The United States has the highest teen birth rate among Western industrialized countries.Each year in the U.S., approximately 750,000 to 850,000 teenage women, ages 15 through 19, become pregnant[i]
. Only about 450,000 of those babies are born, however.
Without access to adequate services, teen mothers may not receive prenatal care, placing the baby at increased risks of premature birth and low birth weight and resultant health risks.
Almost half (48%) of all non-marital first births are to teen parents[ii]
.Half of unwed teen mothers go on welfare within a year of the child’s birth. Within five years, 77% are still on welfare[iii]
.Only 40% of mothers who have children before the age of 18 ever complete high school. 80% of those who quit school end up on welfare.
Sons of teenage mothers are more likely to do a stint in prison, and daughters are more likely to become teenage mothers themselves[iv].
Though children of teen parents have more health problems than children born to older parents, they receive only half the level of care and treatment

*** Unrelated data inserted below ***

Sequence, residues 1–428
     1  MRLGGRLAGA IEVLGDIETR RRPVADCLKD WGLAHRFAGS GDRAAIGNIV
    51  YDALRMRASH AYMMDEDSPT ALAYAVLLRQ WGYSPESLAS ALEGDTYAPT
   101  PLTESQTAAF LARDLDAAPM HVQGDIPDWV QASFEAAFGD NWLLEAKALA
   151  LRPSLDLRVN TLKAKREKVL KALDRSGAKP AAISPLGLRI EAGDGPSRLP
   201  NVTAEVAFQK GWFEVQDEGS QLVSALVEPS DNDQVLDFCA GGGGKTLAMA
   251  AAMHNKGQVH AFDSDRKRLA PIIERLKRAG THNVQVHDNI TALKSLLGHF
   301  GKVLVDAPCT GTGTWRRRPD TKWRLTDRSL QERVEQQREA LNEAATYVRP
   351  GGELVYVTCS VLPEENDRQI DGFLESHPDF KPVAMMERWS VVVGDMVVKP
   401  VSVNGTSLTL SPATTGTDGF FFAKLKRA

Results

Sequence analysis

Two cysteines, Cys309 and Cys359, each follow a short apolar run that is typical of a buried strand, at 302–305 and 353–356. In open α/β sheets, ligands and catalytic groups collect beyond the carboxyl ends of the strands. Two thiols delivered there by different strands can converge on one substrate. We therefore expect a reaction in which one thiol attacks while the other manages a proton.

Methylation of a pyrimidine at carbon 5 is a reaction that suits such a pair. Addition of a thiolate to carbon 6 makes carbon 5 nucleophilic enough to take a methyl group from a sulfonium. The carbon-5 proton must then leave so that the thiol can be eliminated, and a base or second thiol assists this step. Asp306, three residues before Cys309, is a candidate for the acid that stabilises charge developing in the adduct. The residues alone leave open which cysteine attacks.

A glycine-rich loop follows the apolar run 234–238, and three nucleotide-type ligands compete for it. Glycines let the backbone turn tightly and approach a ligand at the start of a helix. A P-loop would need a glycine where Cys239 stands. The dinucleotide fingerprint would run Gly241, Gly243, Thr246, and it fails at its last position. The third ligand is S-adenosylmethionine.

Children born to teen mothers are more likely to be abused, abandoned or neglected[vi]
Teen girls in foster care are two and a half times more likely to experience a pregnancy by age 19[vii]
Children born to teen parents are more likely than those born to older parents to end up in foster care or have multiple caretakers throughout their childhood[viii]
According to the TACIR report, Bradley County ranked 40th
in Tennessee regarding the number of births to women ages 10-17; Hamilton County ranked 28th
; Polk County, 70th
[i] The Guttmacher Institute. (2006) U.S. Teenage Pregnancy Statistics National and State Trends and Trends by Race and Ethnicity. New York: The Guttmacher Institute.
[ii] The National Campaign to Prevent Teen Pregnancy, “Why it Matters: Teen Pregnancy, Out-of-Wedlock Births, Healthy Relationships and Marriage.” 2006.
[iii] Michael Tanner, CATO Congressional Testimony, March 9, 1995
[v] Maynard, R.A., (Ed.). (1996). Kids Having Kids: A Robin Hood Foundation Special Report on the Costs of Adolescent Childbearing, New York: Robin Hood Foundation
George, R.M., & Lee, B.J. (1997). Abuse and Neglect of Children. R.A. Maynard (Ed.), Kids Having Kids: Economic Costs and Social Consequences of Teen Pregnancy (pp. 205-230). Washington, DC: The Urban Institute Press.
Bilaver, L.A & Courtney, M.E. (2006). Science Says #27: Foster Care Youth. National Campaign to Prevent Teen Pregnancy: Washington, DC.
Stier, D.M., Levelthal, J.M, Berg, A.T., Johnson, L. & Mezger, J. Are Children Born to Younger Mothers at Increased risk of Maltreatment? Pediatrics, 1993. 91(3): p 642-648